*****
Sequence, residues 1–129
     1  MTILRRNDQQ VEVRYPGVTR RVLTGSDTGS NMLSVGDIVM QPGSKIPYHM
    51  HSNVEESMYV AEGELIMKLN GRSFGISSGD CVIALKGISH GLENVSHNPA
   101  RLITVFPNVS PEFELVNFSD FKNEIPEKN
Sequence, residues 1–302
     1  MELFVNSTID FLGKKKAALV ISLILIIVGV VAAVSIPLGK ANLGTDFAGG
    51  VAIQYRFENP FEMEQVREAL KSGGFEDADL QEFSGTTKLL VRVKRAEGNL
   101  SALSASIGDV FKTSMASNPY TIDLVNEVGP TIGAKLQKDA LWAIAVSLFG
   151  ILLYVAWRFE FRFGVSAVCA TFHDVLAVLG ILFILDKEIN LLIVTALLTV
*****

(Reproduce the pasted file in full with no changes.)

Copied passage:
Sequence, residues 1–129
     1  MTILRRNDQQ VEVRYPGVTR RVLTGSDTGS NMLSVGDIVM QPGSKIPYHM
    51  HSNVEESMYV AEGELIMKLN GRSFGISSGD CVIALKGISH GLENVSHNPA
   101  RLITVFPNVS PEFELVNFSD FKNEIPEKN
Sequence, residues 1–302
     1  MELFVNSTID FLGKKKAALV ISLILIIVGV VAAVSIPLGK ANLGTDFAGG
    51  VAIQYRFENP FEMEQVREAL KSGGFEDADL QEFSGTTKLL VRVKRAEGNL
   101  SALSASIGDV FKTSMASNPY TIDLVNEVGP TIGAKLQKDA LWAIAVSLFG
   151  ILLYVAWRFE FRFGVSAVCA TFHDVLAVLG ILFILDKEIN LLIVTALLTV